Oprah is not your typical billionaire.

She’s a people person. She’s empathetic. She really connects with her audience. She’s compassionate, personable and approachable. She’s just like everyone else. In fact, she has contributed her success to realizing she is not better than everyone else just because she has money.

The woman is an inspiration to millions.

This is part of the reason that her stake in Weight Watchers has helped the company’s stock soar.

Meet Oprah!
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Weight Watchers stock shares shot up almost 20% in February when the company announced that they beat their earnings expectation. There is no doubt in anyone’s mind that it was Oprah’s “magic” that brought this ailing company back from the brink.

But it’s not just that she has a golden touch. Her very personality is what got Weight Watchers back on its feet.

Sharing the Same Experiences

In 2013, Oprah announced that she was allegedly a victim of racism in a handbag store. This sparked a debate on racism and got people actively talking about it. But this recap wasn’t put here for political purposes. It was put here to show that people empathize with Oprah, even when other celebrities don’t feel like she deserves the attention.

Continued from page 1

Why do people empathize with her?

Put simply, Oprah is just an everyday woman.

Sure, not every woman can buy a $30,000 purse, even secondhand or at a luxury discount, but we have all experienced a moment where we’ve felt discriminated against. In fact, stories run rampant of women being discriminated against just because of their gender. That is one reason that people can connect to her: she has had the same experiences as almost every other woman.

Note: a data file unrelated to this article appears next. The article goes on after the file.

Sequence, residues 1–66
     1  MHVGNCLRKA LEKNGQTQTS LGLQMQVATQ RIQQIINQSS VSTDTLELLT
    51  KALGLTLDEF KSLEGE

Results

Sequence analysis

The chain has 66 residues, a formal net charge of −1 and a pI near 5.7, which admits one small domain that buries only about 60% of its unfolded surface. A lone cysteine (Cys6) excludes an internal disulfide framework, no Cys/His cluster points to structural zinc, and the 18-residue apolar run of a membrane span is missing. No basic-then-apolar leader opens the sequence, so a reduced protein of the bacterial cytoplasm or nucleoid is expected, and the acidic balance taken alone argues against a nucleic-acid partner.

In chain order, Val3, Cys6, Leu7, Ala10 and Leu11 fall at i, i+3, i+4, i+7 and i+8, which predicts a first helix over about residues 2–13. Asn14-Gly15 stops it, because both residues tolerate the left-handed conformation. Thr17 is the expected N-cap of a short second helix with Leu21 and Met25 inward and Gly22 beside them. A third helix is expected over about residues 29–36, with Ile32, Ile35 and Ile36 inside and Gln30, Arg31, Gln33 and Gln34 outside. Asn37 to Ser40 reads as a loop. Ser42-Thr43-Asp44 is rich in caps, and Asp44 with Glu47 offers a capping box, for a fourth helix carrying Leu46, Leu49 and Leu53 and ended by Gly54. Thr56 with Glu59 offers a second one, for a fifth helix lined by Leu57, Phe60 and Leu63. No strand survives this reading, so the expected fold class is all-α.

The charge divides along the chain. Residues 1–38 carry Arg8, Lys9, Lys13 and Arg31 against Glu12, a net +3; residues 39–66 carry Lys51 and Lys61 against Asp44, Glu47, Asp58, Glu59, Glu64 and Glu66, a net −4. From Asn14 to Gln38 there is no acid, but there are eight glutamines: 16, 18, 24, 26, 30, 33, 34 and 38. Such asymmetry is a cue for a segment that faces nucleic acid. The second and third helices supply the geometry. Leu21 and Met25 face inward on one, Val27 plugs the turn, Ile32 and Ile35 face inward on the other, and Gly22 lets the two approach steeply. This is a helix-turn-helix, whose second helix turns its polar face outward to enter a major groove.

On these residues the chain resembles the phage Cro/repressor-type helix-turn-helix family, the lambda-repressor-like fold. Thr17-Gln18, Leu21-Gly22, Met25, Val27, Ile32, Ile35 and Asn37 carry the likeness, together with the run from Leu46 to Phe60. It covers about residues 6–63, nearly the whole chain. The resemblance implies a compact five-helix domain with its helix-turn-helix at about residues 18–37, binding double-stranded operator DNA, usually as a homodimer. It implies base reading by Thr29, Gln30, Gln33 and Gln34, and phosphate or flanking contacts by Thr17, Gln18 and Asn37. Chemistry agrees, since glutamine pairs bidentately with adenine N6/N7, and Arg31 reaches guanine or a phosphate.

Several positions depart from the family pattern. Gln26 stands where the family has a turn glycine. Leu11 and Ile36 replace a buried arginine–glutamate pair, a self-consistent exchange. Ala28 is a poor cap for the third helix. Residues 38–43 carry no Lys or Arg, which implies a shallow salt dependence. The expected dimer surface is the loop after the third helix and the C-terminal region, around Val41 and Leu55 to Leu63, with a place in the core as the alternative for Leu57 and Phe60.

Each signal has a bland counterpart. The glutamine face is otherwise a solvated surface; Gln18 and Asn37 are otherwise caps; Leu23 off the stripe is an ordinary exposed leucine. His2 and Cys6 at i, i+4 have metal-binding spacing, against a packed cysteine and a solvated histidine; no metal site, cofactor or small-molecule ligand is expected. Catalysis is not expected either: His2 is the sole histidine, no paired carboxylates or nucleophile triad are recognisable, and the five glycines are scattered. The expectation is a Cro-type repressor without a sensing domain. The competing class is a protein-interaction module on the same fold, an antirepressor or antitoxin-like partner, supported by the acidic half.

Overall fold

She has the same goals any woman has: to be successful, to feel good, to be healthy and to be happy. She used Weight Watchers to reach…

Come Fly Away with C-Suite TV

March 13, 2017 11:25 ET

C-Suite TV announces partnership with ReachMeTV and the launch of C-Suite Insights at the Airport Revenue News Conference in New Orleans

NEW YORK, NY–(Marketwired – Mar 13, 2017) – C-Suite TV, a web-based, digital on-demand business channel, is announcing their partnership with ReachMeTV, a multi-channel digital TV network, as well as the launch of their new show, C-Suite Insights, at the Airport Revenue News Conference in New Orleans on March 14. C-Suite TV is now the exclusive business-to-business content channel in airports and hotels in the US.

With over 1 billion passengers going through airports in the United States each year, C-Suite Insights will offer in-depth interviews with executives and thought leaders in the concessionaire industry. The show will be accessible via a portable over-the-top (OTT) platform to passengers throughout the top fifty airports in America. C-Suite TV programming can also be seen in over one million hotels across the country, including the Ritz-Carlton, W Hotels, Marriott, Hilton and Wyndham, among others.

Airports make up the largest captive market and passengers spend millions of dollars at concessionaires, which include shops, restaurants, and bars. The airport concession industry is $14 billion in size and the largest market of high net worth people in the world — 1.3 billion people in the U.S. and 3.3 billion people globally. This partnership gives audiences exclusive access to business executives and industry leaders who are running multi-billion dollar concessionaire companies.

“We are excited to be partnering with C-Suite TV and adding their specialty programming to our lineup. We believe this is the perfect opportunity to showcase both our extensive network and their wide array of business programs, giving travelers a chance to catch up on the latest business news — whether at the airport or at their hotels,” said Lynnwood Bibbens, ReachMeTV’s CEO and Co-Founder.

All episodes of C-Suite Insights will air on demand on C-Suite TV.

“I’m thrilled to launch this partnership with ReachMeTV because it gives C-Suite TV programming additional visibility and an audience looking to stay informed about the latest business news,” said Jeffrey Hayzlett, chairman of the C-Suite Network. “As a frequent traveler myself, it is important to me that our audience reaps the benefits and use the platform to gain a competitive advantage.”

For more information, visit www.csuitetv.com.

 


About C-Suite TV: